One of my favorite characters from the setting of Kherishdar by haikujaguar is the First Servant of Shame. So when haikujaguar mentioned that in a comment, I came up with this poem, inspired by her illustrations and the descriptions that go with them. It was sponsored by laffingkat.
"Shame" is not a condemnation, but an awareness of the difference between right and wrong that leads to regretting mistakes and striving to redress them. "Civilization" in this context means something between culture and religion, as taught and embodied by Thirukedi the Emperor. The Ai-Naidari are aliens; their minds and bodies don't work exactly the way we do. haikujaguar has a lot of translating to do in presenting them to us in ways that we can understand; I'm doing my best to keep up.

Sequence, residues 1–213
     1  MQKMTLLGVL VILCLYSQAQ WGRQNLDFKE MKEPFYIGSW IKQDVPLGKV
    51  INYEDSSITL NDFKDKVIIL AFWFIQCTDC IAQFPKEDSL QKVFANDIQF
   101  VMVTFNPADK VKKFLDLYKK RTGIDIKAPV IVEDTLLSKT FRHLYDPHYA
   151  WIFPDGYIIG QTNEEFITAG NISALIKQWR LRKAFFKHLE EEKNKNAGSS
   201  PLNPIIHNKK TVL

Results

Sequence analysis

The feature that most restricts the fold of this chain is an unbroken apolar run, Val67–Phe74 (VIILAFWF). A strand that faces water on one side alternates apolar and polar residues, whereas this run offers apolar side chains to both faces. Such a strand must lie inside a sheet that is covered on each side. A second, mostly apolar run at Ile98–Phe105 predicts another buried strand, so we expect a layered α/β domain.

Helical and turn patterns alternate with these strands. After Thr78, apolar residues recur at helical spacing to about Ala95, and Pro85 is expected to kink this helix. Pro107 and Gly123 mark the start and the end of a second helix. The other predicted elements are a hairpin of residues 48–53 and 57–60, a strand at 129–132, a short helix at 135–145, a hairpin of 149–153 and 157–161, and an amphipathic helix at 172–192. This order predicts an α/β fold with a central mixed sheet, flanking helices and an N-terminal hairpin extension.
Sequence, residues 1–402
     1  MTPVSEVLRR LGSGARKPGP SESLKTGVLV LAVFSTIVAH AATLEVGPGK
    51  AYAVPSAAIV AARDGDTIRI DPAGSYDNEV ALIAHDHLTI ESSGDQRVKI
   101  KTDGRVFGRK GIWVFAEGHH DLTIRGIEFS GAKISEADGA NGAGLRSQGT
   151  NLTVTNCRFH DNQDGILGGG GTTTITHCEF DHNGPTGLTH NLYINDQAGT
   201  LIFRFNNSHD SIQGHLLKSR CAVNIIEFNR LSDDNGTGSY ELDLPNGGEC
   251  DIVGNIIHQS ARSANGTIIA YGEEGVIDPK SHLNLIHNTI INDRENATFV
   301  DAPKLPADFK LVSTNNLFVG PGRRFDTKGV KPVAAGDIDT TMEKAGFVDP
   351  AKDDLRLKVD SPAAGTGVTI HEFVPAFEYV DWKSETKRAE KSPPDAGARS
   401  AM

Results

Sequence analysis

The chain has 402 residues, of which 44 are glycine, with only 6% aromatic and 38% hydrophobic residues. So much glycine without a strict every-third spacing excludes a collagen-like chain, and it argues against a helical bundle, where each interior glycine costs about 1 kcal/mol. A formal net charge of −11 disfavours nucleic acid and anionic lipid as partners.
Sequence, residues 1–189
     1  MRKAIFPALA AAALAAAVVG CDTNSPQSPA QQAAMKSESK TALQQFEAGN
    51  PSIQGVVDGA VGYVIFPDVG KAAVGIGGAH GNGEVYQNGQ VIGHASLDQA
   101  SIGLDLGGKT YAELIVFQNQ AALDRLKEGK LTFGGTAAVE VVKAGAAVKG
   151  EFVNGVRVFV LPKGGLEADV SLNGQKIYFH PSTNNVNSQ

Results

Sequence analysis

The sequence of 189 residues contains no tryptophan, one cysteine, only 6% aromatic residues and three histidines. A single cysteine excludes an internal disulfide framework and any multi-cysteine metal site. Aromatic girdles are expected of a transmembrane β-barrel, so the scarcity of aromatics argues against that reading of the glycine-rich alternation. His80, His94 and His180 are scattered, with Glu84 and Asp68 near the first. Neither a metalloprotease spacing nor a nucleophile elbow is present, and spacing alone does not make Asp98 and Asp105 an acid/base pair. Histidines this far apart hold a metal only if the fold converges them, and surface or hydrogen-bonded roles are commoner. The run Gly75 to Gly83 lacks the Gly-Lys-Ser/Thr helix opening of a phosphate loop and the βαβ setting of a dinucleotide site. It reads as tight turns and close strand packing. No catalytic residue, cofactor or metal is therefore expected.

Without shame, there can be no Civilization.
Without someone to draw the lines, there can be no Law.
The one who lays down the Law cannot enforce it;
The hand that draws out the lines cannot lead between them.
Who can look into the face of Shame and meet that gaze?
Who can stare at the foundation of Civilization and not flinch?
They are each what they see in the other, and themselves.
Only in balancing each other are they made complete.
So the First Servant lies down upon the altar of Shame
And the Emperor makes the marks with careful claws:
Sight divided by a sword's edge,
Truth scratched out in permanent ink,
Two lines drawn to mark the path
At the edge of where it is safe to stop,
So that those who must approach
Will not have to see all there is to be seen,
But are allowed the mercy of meeting that gaze
Only through the silvery wall of one-way mirrors.